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Frederick the Great: A Most Lamentable Comedy Breaching Time and Space is a webcomic about the 18th Century Prussian monarch Frederick the Great. Except he's a time traveler with the personality of a giggling schoolgirl. And he travels with Isaac Newton, Peter the Great, and Abraham Lincoln, fighting just about everybody.

As you can tell, this is not exactly a sane comic. Much of the humour comes from juxtaposing various historical figures into increasingly bizarre situations, such as making Isaac Newton a literal math wizard, making Salvador Dalí into a supervillain attempting to destroy all rationality, Emily Dickinson as a Goth ninja, and so on. There's a lot of very obscure jokes, but the 'Gentlemen Scholars' (as the comic's creators, one Count Dolby von Luckner and one Geoff like to call themselves) post lots of handy historical background in The Rant.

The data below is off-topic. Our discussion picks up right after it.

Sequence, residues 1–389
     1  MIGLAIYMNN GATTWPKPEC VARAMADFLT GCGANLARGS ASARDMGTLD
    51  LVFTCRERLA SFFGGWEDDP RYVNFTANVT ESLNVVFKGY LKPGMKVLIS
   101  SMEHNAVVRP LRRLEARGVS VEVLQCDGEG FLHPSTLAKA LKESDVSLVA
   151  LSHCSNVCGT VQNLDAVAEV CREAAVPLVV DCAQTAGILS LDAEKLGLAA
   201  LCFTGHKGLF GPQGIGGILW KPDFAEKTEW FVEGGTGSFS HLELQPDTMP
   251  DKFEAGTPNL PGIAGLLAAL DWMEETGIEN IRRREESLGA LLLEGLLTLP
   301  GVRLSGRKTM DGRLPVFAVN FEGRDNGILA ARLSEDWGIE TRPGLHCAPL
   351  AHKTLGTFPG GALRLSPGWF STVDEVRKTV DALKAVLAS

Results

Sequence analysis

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Highly recommended for history buffs and fans of absurd humour.

Can be found here.


This webcomic provides examples of:

  • Alternate History: The heroes' actions seem to be resulting in this.
  • A Million Is a Statistic: Played for Laughs with Peter the Great. His idea of enlightened rule is the mass slaughter of serfs.
  • Art Evolution: An extreme example. The current art, while still rather simplistic, is exponentially better than the early episodes.